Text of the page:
program's inception, the projected annual premium for drug coverage
has declined by 40 percent.
However, along with some other Members of Congress, Senator
Obama proposes to break a feature of the Medicare drug program
that is not broken by giving the Secretary of Health and Human
Services the authority to intervene in the private negotiations
between private health plans and pharmaceutical companies. This
would essentially substitute Medicare-style pricing for prices that
reflect the real conditions of supply and demand. Normally, the
government price fixers set prices too high or too low, but rarely
As the CBO has observed, such a drug pricing strategy cannot
achieve measurable savings unless government officials also limit
seniors' access to drugs. Both the Veterans Administration
program and Medicaid deliberately limit access to certain drugs to
Similarly, the Medicare Advantage program, a new system of
competing private health plans in Medicare, has been a genuine
policy success. More than one in five Medicare beneficiaries are
enrolled in Medicare Advantage plans. These plans offer broader
benefits, more health care options, and increasingly better value
for seniors' dollars.
Senator Obama's contention that Medicare Advantage plans are
"overpaid" compared to traditional Medicare ignores the
substantial benefit differences between traditional Medicare
and Medicare Advantage. A better policy would be to build on
Medicare Advantage's success and the success of competitive health
plans in delivering Medicare drugs, extending these features of
consumer choice and competition to the entire Medicare program.
Furthermore, Senator Obama's proposal to legislate the
distribution of insurance premiums among patient care,
administrative costs, and profits is shortsighted and undermines
consumer choice. His proposal is similar to the failed attempts in
California to set an 85 percent "minimal loss ratio." Sometimes, higher administrative
costs, such as those for better care management, are good,
especially when they help to bring down overall costs. For
example, one insurer might charge a $200 premium but meet the
85 percent loss ratio, while a second insurer might charge a $150
premium but have a 75 percent loss ratio.
From a consumer's standpoint, the premium cost is a more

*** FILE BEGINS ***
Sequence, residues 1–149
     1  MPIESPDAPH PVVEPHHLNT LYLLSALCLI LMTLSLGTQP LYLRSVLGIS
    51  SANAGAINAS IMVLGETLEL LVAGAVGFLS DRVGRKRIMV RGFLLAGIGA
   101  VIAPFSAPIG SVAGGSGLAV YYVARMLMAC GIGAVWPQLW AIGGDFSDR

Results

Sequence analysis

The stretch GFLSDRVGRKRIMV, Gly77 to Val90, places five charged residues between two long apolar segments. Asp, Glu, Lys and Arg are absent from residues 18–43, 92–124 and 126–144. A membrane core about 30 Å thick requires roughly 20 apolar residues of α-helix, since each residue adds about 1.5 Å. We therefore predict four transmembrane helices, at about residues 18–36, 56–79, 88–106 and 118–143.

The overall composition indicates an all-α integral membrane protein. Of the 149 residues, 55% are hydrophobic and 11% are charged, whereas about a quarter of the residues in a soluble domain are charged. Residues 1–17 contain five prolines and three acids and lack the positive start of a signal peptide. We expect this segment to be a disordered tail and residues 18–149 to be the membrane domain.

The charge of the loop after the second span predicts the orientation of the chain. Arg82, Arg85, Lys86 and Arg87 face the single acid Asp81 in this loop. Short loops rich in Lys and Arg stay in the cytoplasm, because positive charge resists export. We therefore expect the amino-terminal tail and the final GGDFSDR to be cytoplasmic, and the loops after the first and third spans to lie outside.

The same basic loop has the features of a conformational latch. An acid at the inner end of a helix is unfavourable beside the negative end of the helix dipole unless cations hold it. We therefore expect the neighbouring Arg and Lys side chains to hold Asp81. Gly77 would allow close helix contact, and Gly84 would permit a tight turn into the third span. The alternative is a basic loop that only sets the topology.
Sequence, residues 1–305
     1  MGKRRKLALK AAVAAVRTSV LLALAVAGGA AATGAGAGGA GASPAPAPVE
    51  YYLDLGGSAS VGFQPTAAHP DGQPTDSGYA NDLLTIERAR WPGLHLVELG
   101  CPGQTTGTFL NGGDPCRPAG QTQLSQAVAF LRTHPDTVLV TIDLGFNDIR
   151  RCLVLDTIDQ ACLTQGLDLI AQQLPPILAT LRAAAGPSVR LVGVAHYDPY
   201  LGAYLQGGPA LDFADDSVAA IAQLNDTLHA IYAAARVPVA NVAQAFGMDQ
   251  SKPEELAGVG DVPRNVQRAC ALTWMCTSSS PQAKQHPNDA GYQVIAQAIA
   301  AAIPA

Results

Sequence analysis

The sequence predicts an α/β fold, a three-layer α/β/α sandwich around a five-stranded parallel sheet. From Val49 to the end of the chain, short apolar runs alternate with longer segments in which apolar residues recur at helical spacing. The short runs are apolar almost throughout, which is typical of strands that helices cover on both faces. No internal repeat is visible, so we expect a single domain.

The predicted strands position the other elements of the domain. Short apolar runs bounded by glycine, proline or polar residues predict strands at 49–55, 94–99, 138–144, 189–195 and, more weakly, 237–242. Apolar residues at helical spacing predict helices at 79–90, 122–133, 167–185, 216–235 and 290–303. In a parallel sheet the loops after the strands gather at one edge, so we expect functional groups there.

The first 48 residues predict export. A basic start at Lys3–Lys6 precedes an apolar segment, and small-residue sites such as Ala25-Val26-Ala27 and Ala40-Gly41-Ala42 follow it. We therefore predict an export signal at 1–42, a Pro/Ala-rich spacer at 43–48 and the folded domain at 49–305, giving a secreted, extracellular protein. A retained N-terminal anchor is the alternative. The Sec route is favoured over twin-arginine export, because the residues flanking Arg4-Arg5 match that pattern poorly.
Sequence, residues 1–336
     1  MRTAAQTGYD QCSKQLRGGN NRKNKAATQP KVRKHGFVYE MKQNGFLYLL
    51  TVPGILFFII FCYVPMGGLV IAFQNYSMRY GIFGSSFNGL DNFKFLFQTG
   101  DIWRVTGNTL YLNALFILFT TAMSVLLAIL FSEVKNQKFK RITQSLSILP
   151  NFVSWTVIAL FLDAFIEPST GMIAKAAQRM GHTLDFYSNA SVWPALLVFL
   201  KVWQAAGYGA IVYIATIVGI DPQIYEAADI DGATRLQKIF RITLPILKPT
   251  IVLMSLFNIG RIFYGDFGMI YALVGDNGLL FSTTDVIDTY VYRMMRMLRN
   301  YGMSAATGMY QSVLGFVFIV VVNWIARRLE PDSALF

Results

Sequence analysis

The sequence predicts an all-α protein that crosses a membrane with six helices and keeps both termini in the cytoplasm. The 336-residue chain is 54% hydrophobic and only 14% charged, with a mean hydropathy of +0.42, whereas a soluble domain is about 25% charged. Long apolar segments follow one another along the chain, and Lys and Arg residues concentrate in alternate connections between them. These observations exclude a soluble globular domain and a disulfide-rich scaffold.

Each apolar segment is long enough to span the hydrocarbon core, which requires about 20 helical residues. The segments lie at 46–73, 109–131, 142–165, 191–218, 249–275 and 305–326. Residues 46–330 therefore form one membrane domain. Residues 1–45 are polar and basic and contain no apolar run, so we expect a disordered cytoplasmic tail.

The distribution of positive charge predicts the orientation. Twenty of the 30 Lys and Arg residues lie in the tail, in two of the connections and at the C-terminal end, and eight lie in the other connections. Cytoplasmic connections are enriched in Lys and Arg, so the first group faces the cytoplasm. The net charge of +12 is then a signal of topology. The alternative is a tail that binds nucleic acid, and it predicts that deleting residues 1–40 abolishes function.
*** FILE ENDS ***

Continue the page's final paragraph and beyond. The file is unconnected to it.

important consideration than the arbitrary minimum loss ratio.
Instead of mandating a certain minimal loss ratio, the government
should empower consumers with the information and allow them to
decide whether the $200 plan is worth the extra $50 per month.
Encouraging Healthy Behavior
Senator Obama's plan includes prevention, public health
initiatives, and measures to promote "shared responsibility"
among employers, schools, workers, individuals, families, and
For employers, the Obama plan would "expand and reward" efforts
that incorporate preventive services in employer-based benefit
packages and work-site interventions, such as offering nutritious
foods in cafeterias and vending machines.
For schools, the plan would help schools to create
"healthier environments" for children by assisting with
"contract policy development for local vendors, grant support for
school-based health screening programs and clinical services,
increased financial support for physical education, and
educational programs for students."
The Obama plan would "expand funding" for the health care
workforce (doctors, nurses, and other medical professionals)
through "loan repayments, adequate reimbursement, grants for
training curricula, and infrastructure support to improve
For individuals and families, the Obama plan would require
preventive services in all federally supported health programs,
including Medicare, Medicaid, SCHIP, Obama's new government health
plan, and (theoretically) the FEHBP. Senator Obama says that he
would also pursue policies to develop "healthy environments,"
including "sidewalks, biking paths and walking trails; local
grocery stores with fruit and vegetables; restricted
advertising for tobacco and alcohol to children; and wellness and
Within the government, the plan would assess and make changes at
all levels of government (federal, state, and local) to
develop "a strategic plan" to improve coordination and realign
government policies to support public health.
To liberals in Congress and elsewhere, "shared responsibility"
in health care financing means new mandates and more taxes. In the
context of federally promoted prevention and public health,
the precise meaning of "shared responsibility" is unclear. In
public health, Senator Obama envisions the government adopting a
strategic plan that would involve all levels of government in
"realigning" government policies. This would likely mean new
federal rules, or at least new federal guidance, combined with
grants or other economic incentives permeating all areas of
national life in America. If federal officials are to pursue
policies that encompass "fruits and vegetables" sold in local
grocery stores, it is hard to imagine what if any limits on the
federal government's power an Obama Administration would
Focusing on personal responsibility rather than shared
responsibility is a better way to promote health and well-being.
For example, if government officials would allow individuals to
take advantage of health insurance premium discounts for
enrollment in prevention and wellness programs, the economic
incentives would align with personal behavior. Similarly, health
insurers should be permitted to charge higher premiums to
persons who insist on smoking, drinking alcohol excessively, or
engaging in other risky behaviors.
Such a health policy strategy would preserve personal freedom
but would make personal choices transparent and consequential. This
type of approach would comport with the ideals of a civil society
based on personal freedom and responsibility, in sharp